BY STEVE ERICKSON | The North Dakota oil fields have created a situation unique in post-recession America: a place where jobs are plentiful. As such, they’ve drawn men — and, to a lesser extent, women — from all over the country, resulting in rising rents and other disruptions in small towns with large influxes of new arrivals.
Jesse Moss’ documentary “The Overnighters” depicts one man, pastor Jay Reinke, trying to create a sense of community under difficult circumstances. He allows homeless men — although he prefers the term “Overnighters” and, in fact, some of them have left behind homes in other parts of the country — to sleep in cars and RVs in his church’s parking lot. He even turns the church into a makeshift shelter. While Reinke preaches the gospel of sharing, many of his neighbors see the newcomers instead as sources of pollution and potential crime. “The Overnighters” starts off as a hopeful tale about Christian values and ends as a story about the dissolution of community.
“The Overnighters” takes place in the small town of Williston, where tens of thousands of desperate people have traveled to look for work in the nearby Bakken shale oil field. But they discover that there just aren’t enough jobs to satisfy everyone’s needs, even in a boomtown. As one person says, if they don’t find work within their first 48 hours in town, they’re not likely to find it at all.
At Concordia Lutheran Church, Reinke strives to treat the new arrivals in a dignified manner. This eventually angers the church’s congregants, the town’s newspaper, and the City Council. The problems seem to peak when the Williston Herald learns about a sex offender living in the church, but things get even worse from there.
From everything we can see of Reinke, he seems like a good man. Yet he has a repeated tendency toward strange decisions and unpleasant fallings-out with people around him. He’s doing his best to reconcile Christian values with the damaged world of modern-day America. If “The Overnighters” got a wide American release, I wonder if it would be embraced by the “faith-based” audience that made hits of such films as “God’s Not Dead.” While not particularly explicit at all, it doesn’t depict a PG-rated reality or offer easy answers to spiritual yearning. Yet it’s the best American film to address the issue in years.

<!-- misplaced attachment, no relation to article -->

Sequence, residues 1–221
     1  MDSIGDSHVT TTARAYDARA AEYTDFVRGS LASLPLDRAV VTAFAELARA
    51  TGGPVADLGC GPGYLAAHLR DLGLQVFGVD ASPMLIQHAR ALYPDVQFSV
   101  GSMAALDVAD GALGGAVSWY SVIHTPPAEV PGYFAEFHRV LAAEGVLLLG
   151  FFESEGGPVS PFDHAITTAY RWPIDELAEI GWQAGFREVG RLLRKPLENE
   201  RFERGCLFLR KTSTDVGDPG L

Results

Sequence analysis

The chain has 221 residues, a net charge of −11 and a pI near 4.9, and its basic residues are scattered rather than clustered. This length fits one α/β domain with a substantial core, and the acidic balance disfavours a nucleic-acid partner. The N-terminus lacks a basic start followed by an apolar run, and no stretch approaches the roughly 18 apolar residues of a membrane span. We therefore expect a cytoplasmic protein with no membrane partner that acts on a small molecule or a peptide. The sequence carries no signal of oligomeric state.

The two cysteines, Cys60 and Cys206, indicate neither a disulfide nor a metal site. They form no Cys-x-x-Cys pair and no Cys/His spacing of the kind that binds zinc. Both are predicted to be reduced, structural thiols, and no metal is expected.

“The Overnighters” is fairly open in addressing the challenge posed by the presence of sex offenders. For reasons never fully explained, Reinke decides to open his home to Keith Graves., a man who claims he made it onto the sex offender registry for having consensual sex with a 16-year-old when he was 18. The whole family embraces Graves, even Reinke’s teenage daughters. The local paper finds out that the Overnighters program offers shelter to sex offenders and publishes their addresses, listing the church as one man’s home. In the wake of this exposure, its neighbors grow increasingly hostile and one of the church’s workers belatedly comes clean about his record, which winds up costing him his job.
The film raises the question of how far Christian compassion should be extended and is honest about the price to be paid when people decide you’ve gone too far.
There’s a gay angle to “The Overnighters,” but discussing it would be a spoiler, as it’s not revealed until the last 15 minutes. That said, there are clues planted throughout that blossom in retrospect. The version of Christianity practiced by Concordia doesn’t outwardly condemn homosexuality, but it still leads its gays to talk of themselves as “broken” and speak in a stilted vocabulary of “same-sex attraction.” Positioning this narrative development so close to the film’s end completely changes one’s understanding of the story it tells and frankly feels a bit coy. I’d like to see its implications played out at greater length.
When Bruce Springsteen sang “We Take Care of Our Own,” I figured he had to be at least partially ironic because America lets its poor fall through the cracks left and right. Just go for a long walk in Manhattan and count the number of times you get asked for change. In America, the Christian right has been successful at rebranding Christianity in its own image.
Reinke was attempting to do something different, more akin to the true spirit of Jesus. He wound up finding his own reflection in the men he tried to help. If “The Overnighters” is accurate, Americans’ sense of community has been sacrificed to tabloid fearmongering. It’s a despairing look at how we got this way.
THE OVERNIGHTERS | Directed by Jesse Moss | Drafthouse Films | Opens Oct. 10 | IFC Center, 323 Sixth Ave. at W. Third St. | ifccenter.com
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